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Lawmaker wants to shrink Utah’s crowded classrooms

Sen. Karen Morgan has a plan she thinks will work.

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Sen. Karen Morgan doesn’t want to run for governor, she just wants to start a revolution in Utah’s public education system — one classroom at a time.

Her SB31 would limit the number of students in lower grades under the idea that Kindergarten through third grade are the most critical in a child’s education, including mastering the fundamental skill of reading.

At a glance

Reducing class size

PSB31 » The bill would require that school districts cap kindergarten classes at 20 students beginning next fall. The legislation then would phase in limits for first, second and third grades.

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"Reading is the foundation of learning," Morgan says. "If children can read, they can have success."

It’s a philosophy that the Cottonwood Heights Democrat has subscribed to for a long time, and has been working toward turning into bipartisan legislation for years.

It was during her time teaching high school that Morgan discovered that some of her students were still unable to read. And in many cases that could have been overcome had the students had more one-on-one attention in the early grades.

"That’s when," she said, "the light dawned for me."

She hopes she can help her colleagues on Capitol Hill to see the light, too.

Her SB31 would begin a phased-in cap of 20 students per class in kindergarten beginning next fall. The following year, first grade would be capped at 22, followed by second grade (also at 22) the subsequent year and third grade (23 student cap) the next.

"It provides a soft cap feature, so if [districts] can’t hire an additional teacher or build an extra classroom, they can hire a [teacher’s aide]," said Rep. Becky Edwards, R-North Salt Lake, House sponsor of the bill.

The state’s median class sizes currently are 22 for kindergarten, 23 for first grade, 24 for second grade and 25 for third grade, according to the State Office of Education. Utah had the highest student-to-teacher ratio in the nation — 27 students per teacher — in 2008-09, the most recent numbers available, according to the National Center for Education Statistics.

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The bill has a price tag of $3.6 million, though some lawmakers worry the program would obligate the state to much higher costs in the future.

But Edwards and Morgan say their legislation wouldn’t increase the financial burden beyond the class-size reduction funding already built into the budget over years. Under SB31, districts would lose this funding if they didn’t meet the cap requirements — an accountability mechanism not previously used for the class-size reduction budget.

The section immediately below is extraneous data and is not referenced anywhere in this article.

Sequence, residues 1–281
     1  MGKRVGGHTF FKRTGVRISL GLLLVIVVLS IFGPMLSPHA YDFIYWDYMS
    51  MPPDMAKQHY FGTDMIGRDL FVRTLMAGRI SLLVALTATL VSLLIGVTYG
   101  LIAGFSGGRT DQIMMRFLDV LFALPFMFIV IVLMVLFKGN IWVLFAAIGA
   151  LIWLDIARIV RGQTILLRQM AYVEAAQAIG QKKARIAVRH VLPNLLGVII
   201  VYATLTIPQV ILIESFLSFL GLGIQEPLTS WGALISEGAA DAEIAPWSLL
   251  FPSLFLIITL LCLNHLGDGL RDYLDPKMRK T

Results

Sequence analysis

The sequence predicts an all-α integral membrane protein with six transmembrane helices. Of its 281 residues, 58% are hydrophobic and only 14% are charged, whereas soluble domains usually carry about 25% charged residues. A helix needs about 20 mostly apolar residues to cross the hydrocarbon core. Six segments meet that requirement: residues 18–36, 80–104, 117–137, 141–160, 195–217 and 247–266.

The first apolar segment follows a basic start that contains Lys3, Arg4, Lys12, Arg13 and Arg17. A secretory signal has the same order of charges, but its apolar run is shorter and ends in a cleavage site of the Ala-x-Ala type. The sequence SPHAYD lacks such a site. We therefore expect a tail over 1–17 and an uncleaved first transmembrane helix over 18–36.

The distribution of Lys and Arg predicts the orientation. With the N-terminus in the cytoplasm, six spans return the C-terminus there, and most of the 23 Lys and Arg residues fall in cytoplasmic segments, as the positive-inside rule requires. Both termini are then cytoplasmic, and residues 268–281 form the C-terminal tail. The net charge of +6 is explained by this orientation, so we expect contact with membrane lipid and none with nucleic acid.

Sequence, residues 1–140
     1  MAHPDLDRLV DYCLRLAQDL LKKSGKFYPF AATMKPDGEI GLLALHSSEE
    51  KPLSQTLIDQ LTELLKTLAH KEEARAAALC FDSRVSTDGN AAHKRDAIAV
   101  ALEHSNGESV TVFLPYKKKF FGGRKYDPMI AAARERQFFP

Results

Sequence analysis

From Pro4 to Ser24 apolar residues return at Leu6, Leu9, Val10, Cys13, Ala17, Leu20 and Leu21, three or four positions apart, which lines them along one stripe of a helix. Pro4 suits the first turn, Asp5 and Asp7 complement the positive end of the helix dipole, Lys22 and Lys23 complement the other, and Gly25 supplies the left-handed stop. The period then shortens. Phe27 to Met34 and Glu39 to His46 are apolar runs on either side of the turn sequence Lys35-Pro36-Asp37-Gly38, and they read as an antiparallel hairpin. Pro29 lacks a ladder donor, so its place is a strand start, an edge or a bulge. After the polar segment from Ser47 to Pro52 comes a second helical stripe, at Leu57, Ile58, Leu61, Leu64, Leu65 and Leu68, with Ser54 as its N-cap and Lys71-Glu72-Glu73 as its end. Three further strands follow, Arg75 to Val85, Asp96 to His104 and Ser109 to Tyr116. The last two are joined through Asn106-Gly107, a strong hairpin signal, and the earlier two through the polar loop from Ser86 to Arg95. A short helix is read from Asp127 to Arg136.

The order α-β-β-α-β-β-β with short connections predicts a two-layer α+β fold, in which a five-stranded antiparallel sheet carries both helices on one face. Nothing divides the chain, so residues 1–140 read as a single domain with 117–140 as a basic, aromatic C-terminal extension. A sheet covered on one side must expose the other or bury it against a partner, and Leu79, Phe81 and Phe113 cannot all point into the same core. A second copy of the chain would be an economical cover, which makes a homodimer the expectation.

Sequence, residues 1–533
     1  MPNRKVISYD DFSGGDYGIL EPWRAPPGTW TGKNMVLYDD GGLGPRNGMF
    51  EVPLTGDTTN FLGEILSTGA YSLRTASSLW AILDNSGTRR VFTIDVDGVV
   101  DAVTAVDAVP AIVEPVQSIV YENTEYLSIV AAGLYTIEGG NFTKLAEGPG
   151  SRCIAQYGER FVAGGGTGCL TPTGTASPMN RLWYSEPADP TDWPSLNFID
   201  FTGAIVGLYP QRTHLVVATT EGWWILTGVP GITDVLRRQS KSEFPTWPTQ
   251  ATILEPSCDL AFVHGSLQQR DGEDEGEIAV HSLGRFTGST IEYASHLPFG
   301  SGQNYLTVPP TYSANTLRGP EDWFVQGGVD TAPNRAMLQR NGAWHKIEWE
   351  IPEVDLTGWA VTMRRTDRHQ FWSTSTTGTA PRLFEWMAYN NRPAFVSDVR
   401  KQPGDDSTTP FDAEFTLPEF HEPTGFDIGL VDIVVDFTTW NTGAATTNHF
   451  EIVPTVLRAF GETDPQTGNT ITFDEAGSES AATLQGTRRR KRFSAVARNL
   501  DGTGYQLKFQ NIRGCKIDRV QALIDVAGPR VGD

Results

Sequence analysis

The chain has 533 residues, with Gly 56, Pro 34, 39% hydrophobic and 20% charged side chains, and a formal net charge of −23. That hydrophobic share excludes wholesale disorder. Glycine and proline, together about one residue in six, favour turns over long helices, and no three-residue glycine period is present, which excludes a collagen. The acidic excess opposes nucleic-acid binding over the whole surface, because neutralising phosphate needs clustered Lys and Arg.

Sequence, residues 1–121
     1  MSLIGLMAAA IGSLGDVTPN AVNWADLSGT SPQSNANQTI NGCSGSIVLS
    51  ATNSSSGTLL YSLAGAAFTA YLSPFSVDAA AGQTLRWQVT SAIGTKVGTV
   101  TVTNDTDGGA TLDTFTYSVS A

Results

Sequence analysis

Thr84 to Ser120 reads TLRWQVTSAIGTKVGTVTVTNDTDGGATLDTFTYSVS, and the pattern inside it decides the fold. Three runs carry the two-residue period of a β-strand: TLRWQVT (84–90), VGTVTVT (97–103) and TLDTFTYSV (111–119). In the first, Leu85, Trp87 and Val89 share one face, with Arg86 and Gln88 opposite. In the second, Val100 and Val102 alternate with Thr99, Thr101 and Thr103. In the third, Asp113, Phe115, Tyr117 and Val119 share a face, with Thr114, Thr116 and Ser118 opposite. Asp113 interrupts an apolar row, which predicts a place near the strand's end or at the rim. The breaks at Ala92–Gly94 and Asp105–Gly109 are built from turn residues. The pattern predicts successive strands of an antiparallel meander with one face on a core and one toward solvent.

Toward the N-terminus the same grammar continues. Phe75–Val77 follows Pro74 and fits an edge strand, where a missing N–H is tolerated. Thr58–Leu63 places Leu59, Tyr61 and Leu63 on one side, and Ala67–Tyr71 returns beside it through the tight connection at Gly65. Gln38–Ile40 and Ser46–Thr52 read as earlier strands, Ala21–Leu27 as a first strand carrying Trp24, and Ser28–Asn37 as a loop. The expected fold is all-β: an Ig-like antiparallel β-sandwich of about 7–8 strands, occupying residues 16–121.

In fact, a 2007 legislative audit showed that $460 million meant to make class sizes smaller in Utah over seven years hadn’t led to any change, though some have said class sizes would have been even larger if not for that money.

"This bill has something for everyone," Edwards said. "It has financial accountability, for people who care about the budget, and people who care about education and reducing class sizes will be interested in getting behind it, as well."

The State Board of Education and the Utah Education have backed the measure. So now has the Utah Senate, which passed it on a vote of 19-9. It’s now awaiting action in the House.

Senate Majority Scott Jenkins, R-Plain City, was among those voting against the measure saying while he supports the effort to get class size under control he worries supporters are "expecting an allocation from surplus funds," which could derail the initiative.

But Senate President Michael Waddoups, R-Taylorsville, supported the bill — saying it was just one more show of commitment to education from the Legislature.

With billions of dollars in state tax dollars going to Utah schools, lawmakers have consistently shown it as their No. 1 priority, he said.

Morgan is consistently one of the most outspoken among lawmakers for increased funding and attention to education.

It’s one of the reasons Democrats courted her as a possible candidate for governor this year.

"She represents so many things and attributes that make a good gubernatorial candidate and a good governor," said Jim Dabakis, Utah Democratic Party chairman. "She is standing up like a beacon and speaking the truth about education."

Despite being honored by the consideration, Morgan declined to jump in the race against Gov. Gary Herbert. Instead, she will stay in the Legislature and continue pushing for education.

Lisa Schencker contributed to this report.

Copyright 2014 The Salt Lake Tribune. All rights reserved. This material may not be published, broadcast, rewritten or redistributed.

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